One morning, early in February of 2017, I stepped out of the shower and, as I gracefully walked by the mirror in the bathroom, I realized I was horribly out of shape. Of course, I had been horribly out of shape prior to this particular day, but the level of shame I experienced on this day was elevated to a point of grave concern. So much, that I made a decision that day to finally do something about it. I began telling myself daily to make a move to counteract the disgust and shame I felt with myself, and after some discussion with my wife, we decided to join a program to get us moving and hopefully get us (mostly me) pointed in the right direction. My wife was, and is currently, my biggest supporter. I knew we were doing something positive, and I was even more inspired when she decided to do the program with me.
About a week prior to this class starting, I started to experience a swollen throat, which made it difficult to swallow. I had felt this before, and in the past it was determined to be an allergic reaction to a medication I had been taking. Armed with this knowledge, I managed to squeeze in an appointment with my Rheumatologist, who had prescribed me a drug called Cosentyx a few months prior. The Cosentyx was one of the reasons I had gained some of the excess weight I was carrying, and coupled with a total lack of responsible eating and no exercise (NONE), I walked into the doctor’s office at a totally disgraceful 273 lbs! Prior to the meds, My walking-around weight was between 225 and 245 lbs.
After explaining the weight gain and the swollen throat concerns to my doctor, the decision was made to temporarily discontinue using the Cosentyx. The drug was injected on a monthly basis, so it was going to take some time to notice a difference in both side-effects. I set a follow-up appointment and left, ready to begin a journey toward a healthier, more active, me.
On Feb 13th, the wife and I headed over to the gym for our first workout. This was a class designed for people who needed some help getting moving, as well as for beginners. I most likely fell into both categories, and I was willing to embrace that fact going into the class. After some short introductory type stuff, we wheeled out some rowing machines, turned on some tunes, and followed a simple program…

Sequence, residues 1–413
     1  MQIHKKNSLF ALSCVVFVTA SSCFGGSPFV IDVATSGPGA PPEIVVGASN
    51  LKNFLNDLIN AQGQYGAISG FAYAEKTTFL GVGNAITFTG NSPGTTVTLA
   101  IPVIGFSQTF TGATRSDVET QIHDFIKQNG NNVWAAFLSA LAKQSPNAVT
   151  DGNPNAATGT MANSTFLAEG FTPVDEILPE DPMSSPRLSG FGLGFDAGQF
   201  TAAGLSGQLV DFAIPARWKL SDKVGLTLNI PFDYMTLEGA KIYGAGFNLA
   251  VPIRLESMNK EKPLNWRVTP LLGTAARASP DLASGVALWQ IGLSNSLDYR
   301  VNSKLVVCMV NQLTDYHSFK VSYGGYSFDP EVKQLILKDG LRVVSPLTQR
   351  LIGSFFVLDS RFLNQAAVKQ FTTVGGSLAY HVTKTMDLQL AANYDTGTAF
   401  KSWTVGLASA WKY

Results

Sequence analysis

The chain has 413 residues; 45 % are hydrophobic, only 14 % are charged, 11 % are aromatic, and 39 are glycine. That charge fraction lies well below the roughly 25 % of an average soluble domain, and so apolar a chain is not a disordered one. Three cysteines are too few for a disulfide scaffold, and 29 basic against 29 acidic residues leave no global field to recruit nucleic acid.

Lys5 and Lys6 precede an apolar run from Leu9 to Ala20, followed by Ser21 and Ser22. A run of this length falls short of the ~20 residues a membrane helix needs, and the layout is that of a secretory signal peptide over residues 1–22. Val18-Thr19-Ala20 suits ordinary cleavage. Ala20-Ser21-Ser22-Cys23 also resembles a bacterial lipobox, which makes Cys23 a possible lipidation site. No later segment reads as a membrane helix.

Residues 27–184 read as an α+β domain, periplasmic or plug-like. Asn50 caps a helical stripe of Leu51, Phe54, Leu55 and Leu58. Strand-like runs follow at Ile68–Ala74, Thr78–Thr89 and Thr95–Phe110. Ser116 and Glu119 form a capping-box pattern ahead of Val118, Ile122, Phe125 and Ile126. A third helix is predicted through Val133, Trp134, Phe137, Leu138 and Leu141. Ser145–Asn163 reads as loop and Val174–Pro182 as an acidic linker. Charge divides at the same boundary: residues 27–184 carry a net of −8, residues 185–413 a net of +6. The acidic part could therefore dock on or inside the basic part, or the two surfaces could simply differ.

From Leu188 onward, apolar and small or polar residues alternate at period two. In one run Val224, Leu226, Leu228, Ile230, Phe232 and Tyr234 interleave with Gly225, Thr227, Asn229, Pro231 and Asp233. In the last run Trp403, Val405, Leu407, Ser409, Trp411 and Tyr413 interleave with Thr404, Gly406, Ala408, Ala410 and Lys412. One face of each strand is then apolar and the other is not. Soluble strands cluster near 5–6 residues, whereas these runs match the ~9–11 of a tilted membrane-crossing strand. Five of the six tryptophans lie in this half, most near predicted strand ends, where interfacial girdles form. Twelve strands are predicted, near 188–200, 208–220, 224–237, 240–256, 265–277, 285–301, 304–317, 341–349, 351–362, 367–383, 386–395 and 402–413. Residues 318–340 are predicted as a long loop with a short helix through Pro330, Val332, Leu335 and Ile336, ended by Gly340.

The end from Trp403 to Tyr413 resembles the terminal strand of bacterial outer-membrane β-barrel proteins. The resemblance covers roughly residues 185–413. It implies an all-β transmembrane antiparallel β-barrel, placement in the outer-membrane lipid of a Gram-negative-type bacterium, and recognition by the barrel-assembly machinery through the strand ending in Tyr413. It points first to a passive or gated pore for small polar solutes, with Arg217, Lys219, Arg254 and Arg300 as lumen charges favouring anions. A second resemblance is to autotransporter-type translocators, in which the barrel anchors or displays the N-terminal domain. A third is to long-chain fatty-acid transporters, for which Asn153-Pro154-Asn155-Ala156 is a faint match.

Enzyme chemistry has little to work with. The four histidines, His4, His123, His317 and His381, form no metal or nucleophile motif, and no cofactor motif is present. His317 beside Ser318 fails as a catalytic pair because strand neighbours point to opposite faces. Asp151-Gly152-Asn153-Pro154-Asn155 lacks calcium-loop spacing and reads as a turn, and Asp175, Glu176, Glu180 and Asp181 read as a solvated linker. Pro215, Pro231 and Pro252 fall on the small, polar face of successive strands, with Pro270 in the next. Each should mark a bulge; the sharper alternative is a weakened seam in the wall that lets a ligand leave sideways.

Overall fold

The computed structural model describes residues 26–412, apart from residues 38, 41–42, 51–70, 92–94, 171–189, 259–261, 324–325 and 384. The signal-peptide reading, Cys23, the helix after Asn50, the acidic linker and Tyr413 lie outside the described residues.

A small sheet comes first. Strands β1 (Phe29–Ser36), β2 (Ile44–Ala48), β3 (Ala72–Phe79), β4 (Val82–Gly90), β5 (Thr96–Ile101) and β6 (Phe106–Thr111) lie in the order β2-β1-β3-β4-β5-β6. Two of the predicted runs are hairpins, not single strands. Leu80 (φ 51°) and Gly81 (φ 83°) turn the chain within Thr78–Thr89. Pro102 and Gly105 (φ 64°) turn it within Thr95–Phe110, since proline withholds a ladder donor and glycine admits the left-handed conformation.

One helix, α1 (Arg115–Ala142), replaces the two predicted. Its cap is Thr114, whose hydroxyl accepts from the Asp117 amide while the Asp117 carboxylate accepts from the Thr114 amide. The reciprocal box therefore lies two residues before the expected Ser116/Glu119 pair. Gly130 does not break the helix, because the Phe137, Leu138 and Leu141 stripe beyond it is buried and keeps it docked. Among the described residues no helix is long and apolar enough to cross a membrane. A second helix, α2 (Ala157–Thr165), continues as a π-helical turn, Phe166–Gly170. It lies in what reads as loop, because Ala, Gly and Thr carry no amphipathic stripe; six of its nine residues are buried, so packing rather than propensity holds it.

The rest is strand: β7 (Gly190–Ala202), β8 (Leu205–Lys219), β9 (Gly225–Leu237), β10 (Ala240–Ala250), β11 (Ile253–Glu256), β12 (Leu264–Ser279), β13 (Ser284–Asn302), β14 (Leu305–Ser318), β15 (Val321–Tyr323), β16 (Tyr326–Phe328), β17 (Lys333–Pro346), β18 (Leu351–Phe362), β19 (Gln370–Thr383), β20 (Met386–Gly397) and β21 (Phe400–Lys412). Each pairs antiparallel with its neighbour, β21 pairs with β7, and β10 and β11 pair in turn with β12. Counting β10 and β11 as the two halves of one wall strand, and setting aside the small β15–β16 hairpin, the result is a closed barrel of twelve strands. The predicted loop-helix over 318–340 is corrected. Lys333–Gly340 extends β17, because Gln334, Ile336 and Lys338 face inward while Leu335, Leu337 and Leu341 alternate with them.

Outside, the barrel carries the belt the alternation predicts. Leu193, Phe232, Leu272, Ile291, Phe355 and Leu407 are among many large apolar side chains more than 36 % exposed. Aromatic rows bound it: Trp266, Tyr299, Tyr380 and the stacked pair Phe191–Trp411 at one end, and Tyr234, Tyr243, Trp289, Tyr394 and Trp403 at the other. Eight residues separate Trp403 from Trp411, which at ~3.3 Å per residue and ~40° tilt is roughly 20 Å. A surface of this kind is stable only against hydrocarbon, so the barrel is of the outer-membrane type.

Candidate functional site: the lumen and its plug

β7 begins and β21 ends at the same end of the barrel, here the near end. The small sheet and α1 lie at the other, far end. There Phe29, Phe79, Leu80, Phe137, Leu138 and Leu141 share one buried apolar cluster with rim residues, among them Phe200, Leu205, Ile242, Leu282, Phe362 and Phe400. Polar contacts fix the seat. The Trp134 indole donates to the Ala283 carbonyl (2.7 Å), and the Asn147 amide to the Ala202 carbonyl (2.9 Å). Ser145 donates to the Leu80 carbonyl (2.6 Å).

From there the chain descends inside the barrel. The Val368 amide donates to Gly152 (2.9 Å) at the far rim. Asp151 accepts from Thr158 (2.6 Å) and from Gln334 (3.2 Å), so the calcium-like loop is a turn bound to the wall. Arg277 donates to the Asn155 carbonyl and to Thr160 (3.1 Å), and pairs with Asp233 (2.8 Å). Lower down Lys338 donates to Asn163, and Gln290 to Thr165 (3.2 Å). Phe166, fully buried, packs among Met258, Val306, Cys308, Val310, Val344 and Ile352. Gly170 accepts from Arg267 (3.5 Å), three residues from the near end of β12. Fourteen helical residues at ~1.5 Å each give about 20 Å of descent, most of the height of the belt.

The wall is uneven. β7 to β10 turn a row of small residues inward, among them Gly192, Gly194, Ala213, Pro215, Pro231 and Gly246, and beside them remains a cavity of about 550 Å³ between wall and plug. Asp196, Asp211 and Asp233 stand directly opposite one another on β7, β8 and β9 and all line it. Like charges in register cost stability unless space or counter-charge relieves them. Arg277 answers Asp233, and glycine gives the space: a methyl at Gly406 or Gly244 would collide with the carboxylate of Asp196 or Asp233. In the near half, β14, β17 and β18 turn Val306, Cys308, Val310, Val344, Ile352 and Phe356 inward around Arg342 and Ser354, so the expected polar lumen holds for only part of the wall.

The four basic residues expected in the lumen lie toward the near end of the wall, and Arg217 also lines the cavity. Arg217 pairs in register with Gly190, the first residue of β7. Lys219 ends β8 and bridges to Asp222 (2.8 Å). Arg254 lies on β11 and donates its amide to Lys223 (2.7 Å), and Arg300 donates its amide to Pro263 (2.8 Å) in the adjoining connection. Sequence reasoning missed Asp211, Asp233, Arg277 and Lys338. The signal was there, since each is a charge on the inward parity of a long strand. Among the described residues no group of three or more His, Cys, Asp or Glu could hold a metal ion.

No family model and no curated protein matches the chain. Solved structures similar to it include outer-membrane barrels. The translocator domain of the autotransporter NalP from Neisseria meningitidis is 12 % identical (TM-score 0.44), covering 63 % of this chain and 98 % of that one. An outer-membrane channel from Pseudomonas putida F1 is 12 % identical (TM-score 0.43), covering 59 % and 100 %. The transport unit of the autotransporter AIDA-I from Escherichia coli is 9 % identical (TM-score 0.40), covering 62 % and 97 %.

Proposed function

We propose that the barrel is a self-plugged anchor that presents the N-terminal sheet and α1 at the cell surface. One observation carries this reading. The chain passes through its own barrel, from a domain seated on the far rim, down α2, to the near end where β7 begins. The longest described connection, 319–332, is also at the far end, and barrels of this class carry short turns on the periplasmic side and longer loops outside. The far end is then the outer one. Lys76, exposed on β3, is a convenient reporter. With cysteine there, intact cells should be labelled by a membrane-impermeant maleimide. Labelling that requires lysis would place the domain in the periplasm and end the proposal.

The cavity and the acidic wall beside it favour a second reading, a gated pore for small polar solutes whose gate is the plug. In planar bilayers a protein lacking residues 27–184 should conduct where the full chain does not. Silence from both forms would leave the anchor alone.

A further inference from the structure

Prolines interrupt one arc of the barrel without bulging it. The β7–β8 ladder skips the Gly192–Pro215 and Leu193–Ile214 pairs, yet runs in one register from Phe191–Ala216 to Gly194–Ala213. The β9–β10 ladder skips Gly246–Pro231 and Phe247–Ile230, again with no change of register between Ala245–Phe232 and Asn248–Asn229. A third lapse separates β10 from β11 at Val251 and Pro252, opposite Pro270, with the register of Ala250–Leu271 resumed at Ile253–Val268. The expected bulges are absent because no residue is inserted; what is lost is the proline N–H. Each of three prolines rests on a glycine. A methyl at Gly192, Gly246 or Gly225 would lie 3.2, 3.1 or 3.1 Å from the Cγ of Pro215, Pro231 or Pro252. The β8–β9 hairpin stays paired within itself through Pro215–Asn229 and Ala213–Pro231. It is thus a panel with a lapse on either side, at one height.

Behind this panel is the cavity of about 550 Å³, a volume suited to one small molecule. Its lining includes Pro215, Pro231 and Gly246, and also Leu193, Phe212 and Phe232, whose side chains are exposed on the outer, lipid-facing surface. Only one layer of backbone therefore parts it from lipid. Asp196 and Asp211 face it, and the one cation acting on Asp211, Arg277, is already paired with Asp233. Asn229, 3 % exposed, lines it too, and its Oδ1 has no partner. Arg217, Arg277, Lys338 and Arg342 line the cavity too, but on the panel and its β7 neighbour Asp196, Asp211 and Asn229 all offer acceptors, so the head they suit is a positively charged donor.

Row for 30 seconds, rest for a minute. repeat until you had rowed for 10 minutes total.
That’s it. That was my first workout.
It was also my last workout.
Our next class was scheduled the following evening. We went home, ate from our meal plan, and I was in bed relatively early. My wife woke up the next morning and headed to work. I was on disability, so as usual, I stayed home. I felt like something was wrong immediately after I woke up, but not so wrong that it caused any alarms to go off. My plan was simple enough, eat, do some chores, nap away the discomfort and meet my lovely wife at the gym for workout #2. I did most of the list, but I wasn’t able to nap and I continued to feel odd enough that I didn’t make it to the 2nd workout. If I’m being totally honest, and I am, I felt like I was just being a fat lazy old man. There was nothing in particular that I could attribute as a cause, no specific pain, nothing like that. I just didn’t feel right.
My wife did go to the workout, and she called me on the way home to ask me if I could help her get in the house. She had a bad migraine and it was affecting her vision. When she got home, she went upstairs, showered and slept in the darkness until sometime the next day. When she woke up, she wasn’t any better. In fact, she was worse off than the night before, prompting us to make a trip to the E.R. It was 2 days after my one and only workout, and I had gotten extremely dizzy and lightheaded earlier in the day while standing up from the couch. On the way to the E.R., I decided that I would get checked out as well. Once we arrived, we were both taken to separate rooms and checked over by the staff at the local hospital.
Read part 2 of “How it Happened” tomorrow!